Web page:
April 28, 2014 • Personal Injury
On behalf of Rosenberg, Minc, Falkoff & Wolff, LLP
CPLR §3101(a) requires, in pertinent part, “full disclosure of all matter material and necessary in the prosecution or defense of an action.” With regard to medical treatment received by a plaintiff in a lawsuit, this has been interpreted to mean that the injured plaintiff waives the physician-patient privilege with respect to his relevant prior medical history concerning those physical conditions which he affirmatively places in controversy. See Koump v. Smith, 25 NY2d 287, 303 NYS2d 858, 250 NE2d 857 (1969).
However, a party does not waive the physician-patient privilege with respect to unrelated illnesses or injuries. In Romance v. Zavala, 98 AD3d 726, 950 NYS2d 390 (2nd Dept. 2012), the court stated that, the defendants were not entitled to any authorizations for the release of the injured plaintiff’s medical records requested in their notice to produce, which sought disclosure of medical records pertaining to illnesses and injuries unrelated to the subject accident. The court continued, while the principle of “full disclosure” does not give a party the right to uncontrolled and unfettered disclosure.
Similarly, an injured plaintiff’s alcohol and mental health records may be protected. If there is no claim regarding mental and psychological injuries, Mental Health Law 33.12 offers protections from disclosure, and even a claim for “loss of enjoyment of life,” relating solely to claimed physical injuries, does not warrant disclosure of substance abuse and mental health treatment information, without a showing of potential relevance. In other words, a defendant must show that the interests of justice significantly outweigh the plaintiff’s right to confidentiality by expert or other evidence establishing a particularized need for inquiry into matters not directly at issue in this action. See Alford v. City of New York, 2014 WL 1356674 (1 Dept. 2014).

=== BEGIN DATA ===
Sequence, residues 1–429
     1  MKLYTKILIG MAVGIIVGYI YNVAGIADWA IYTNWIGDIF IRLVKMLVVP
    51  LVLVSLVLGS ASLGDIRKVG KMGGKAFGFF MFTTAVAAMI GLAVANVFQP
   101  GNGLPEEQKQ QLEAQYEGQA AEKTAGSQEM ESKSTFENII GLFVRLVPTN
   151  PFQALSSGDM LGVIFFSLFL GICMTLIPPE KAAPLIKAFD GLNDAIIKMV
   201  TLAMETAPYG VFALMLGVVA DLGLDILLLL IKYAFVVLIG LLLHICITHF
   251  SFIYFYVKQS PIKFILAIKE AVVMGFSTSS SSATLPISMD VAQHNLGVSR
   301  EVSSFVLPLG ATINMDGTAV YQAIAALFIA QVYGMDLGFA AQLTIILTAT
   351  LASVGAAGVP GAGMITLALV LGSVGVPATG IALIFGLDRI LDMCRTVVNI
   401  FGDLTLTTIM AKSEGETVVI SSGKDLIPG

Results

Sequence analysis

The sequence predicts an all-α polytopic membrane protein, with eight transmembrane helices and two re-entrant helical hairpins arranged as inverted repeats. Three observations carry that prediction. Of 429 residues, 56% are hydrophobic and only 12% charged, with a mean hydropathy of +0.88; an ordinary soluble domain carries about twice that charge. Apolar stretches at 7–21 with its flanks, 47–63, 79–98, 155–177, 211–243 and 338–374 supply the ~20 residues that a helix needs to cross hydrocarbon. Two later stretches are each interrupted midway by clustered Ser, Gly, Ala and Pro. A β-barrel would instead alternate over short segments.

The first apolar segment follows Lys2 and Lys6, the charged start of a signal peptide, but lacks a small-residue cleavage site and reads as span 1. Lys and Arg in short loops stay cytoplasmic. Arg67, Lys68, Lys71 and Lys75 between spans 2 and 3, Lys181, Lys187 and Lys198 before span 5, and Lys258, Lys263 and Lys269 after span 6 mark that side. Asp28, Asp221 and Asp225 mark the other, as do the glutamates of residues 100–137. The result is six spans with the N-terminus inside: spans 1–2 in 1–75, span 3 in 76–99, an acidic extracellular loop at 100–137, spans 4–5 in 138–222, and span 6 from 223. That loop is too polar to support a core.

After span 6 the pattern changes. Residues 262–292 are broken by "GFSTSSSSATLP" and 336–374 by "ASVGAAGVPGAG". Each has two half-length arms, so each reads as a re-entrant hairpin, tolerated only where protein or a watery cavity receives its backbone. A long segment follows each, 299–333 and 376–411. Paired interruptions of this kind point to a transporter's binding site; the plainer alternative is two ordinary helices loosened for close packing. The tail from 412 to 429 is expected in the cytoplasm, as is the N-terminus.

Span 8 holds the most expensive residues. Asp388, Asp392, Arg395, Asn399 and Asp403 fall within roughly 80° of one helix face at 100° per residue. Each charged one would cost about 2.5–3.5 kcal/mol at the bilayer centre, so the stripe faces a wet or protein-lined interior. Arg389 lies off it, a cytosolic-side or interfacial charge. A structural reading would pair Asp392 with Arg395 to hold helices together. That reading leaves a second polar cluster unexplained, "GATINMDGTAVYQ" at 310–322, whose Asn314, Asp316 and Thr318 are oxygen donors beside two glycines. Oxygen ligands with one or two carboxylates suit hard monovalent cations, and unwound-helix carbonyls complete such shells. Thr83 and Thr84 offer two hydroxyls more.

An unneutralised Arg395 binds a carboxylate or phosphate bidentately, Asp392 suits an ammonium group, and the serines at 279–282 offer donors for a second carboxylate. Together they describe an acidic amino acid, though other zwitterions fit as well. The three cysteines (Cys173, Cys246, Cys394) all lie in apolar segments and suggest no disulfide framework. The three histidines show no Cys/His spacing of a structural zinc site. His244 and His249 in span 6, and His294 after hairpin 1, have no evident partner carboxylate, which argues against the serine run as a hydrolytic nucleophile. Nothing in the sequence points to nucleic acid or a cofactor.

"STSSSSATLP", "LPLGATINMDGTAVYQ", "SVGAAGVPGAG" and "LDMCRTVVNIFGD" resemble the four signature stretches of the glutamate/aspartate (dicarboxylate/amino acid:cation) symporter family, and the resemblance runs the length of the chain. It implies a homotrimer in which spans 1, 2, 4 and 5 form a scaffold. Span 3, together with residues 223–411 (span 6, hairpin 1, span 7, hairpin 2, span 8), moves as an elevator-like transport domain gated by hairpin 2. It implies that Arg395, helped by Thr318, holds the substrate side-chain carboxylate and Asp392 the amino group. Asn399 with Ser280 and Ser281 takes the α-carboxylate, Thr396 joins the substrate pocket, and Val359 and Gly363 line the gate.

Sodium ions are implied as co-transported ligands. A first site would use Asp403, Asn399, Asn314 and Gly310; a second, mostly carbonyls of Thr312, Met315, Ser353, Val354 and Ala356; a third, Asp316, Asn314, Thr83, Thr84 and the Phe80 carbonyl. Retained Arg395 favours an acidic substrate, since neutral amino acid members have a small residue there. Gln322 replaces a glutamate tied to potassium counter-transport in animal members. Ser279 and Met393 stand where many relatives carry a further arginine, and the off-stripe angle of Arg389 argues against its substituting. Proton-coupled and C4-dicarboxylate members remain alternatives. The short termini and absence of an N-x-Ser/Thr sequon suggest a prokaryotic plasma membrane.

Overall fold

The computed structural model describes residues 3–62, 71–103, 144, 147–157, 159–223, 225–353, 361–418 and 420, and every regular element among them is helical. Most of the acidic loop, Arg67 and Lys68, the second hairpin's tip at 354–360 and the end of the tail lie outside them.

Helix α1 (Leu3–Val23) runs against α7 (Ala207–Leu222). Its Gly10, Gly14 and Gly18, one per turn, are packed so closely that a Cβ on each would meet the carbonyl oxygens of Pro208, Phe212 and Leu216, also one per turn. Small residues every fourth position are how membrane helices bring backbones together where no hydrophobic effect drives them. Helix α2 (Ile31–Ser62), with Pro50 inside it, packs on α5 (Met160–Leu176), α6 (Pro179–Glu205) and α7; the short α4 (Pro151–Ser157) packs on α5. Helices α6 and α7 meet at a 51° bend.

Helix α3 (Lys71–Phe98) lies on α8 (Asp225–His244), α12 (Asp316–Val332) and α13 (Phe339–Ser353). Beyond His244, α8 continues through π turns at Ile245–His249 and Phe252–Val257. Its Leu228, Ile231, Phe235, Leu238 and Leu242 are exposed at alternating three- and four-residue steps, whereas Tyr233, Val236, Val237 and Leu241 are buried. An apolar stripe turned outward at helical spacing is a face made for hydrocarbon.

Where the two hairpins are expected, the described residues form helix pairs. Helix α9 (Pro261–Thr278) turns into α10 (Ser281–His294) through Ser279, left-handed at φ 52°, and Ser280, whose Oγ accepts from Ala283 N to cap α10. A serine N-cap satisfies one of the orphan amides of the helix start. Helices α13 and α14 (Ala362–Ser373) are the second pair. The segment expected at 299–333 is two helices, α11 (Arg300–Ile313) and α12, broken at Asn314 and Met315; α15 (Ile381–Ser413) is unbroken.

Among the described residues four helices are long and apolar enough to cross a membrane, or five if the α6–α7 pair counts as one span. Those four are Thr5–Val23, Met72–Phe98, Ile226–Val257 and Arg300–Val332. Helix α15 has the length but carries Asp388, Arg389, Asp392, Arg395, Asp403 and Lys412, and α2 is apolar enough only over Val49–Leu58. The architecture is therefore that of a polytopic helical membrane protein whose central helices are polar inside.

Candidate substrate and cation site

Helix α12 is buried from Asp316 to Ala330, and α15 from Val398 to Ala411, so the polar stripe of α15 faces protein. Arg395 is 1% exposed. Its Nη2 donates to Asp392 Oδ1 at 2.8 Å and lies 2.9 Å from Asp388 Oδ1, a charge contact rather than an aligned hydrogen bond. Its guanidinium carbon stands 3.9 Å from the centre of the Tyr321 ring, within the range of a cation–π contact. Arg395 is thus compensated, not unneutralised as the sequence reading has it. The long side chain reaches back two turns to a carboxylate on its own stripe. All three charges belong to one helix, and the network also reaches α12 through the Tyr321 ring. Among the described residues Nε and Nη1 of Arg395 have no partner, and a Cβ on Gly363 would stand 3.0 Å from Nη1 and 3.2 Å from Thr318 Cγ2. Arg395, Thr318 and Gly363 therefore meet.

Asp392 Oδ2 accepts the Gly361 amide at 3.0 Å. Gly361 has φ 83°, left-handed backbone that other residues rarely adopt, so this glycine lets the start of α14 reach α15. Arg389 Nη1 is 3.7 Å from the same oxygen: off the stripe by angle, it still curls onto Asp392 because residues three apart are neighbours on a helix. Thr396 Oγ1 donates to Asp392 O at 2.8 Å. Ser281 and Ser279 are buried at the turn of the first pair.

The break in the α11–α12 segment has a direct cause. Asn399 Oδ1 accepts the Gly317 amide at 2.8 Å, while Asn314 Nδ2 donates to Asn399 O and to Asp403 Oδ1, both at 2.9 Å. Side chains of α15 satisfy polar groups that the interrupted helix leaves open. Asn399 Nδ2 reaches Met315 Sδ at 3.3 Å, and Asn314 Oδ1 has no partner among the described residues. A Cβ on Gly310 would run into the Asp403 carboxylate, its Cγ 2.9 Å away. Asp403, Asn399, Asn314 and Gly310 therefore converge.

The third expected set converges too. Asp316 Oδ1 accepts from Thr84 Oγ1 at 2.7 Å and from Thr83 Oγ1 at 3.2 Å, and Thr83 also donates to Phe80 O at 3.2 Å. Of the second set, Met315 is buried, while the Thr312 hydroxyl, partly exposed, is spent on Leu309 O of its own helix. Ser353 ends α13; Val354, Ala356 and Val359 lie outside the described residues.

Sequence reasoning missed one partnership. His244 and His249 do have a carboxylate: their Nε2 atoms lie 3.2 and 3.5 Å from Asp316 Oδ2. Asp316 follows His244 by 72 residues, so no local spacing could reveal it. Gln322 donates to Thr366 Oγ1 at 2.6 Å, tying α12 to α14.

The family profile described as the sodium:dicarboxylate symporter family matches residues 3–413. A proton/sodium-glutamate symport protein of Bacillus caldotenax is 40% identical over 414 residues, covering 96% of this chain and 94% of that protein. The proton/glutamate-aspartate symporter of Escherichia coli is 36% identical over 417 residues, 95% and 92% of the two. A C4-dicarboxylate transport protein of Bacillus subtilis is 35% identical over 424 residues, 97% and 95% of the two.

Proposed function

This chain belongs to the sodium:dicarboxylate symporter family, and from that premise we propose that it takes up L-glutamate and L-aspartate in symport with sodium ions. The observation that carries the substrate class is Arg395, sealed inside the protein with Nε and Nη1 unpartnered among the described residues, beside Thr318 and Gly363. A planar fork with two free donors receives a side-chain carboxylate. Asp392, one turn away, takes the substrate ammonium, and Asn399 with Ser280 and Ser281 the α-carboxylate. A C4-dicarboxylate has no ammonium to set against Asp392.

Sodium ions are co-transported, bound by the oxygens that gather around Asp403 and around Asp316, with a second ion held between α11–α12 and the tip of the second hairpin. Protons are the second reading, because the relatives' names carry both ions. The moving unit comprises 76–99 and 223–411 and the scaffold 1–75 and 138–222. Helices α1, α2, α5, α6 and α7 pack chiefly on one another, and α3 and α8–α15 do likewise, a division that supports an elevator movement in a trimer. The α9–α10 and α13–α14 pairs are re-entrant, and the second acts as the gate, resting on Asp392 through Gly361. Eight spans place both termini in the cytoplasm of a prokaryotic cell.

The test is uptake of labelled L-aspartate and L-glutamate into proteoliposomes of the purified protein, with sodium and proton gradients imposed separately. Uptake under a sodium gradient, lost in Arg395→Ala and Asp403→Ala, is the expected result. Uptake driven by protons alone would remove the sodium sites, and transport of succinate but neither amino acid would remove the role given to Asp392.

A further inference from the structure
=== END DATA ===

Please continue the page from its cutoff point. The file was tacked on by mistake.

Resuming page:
Finally, there is a split between the First and Second Appellate Divisions about claims for “loss of enjoyment of life” that may be claimed in a Bill of Particulars. While the First Appellate Department will generally limit disclosure to those conditions affirmatively placed in controversy, the Second Appellate Department is much more liberal in its disclosure policies and will allow the defense to review records showing the nature and severity of the plaintiff’s prior medical conditions which may have an impact upon the amount of damages, if any, recoverable for a claim of loss of enjoyment of life. See Montalto v. Heckler, 113 AD3d 741, 978 NYS.2d 891 (2nd Dept. 2014)
The New York City personal injury law firm of Rosenberg, Minc, Falkoff & Wolff has been representing injury victims for more than three decades. Our attorneys have a strong familiarity with the laws pertinent to personal injury cases in New York City and the surrounding areas.
For more information about how these laws apply to your case, schedule a free consultation by contacting us online or calling 1-866-516-5887.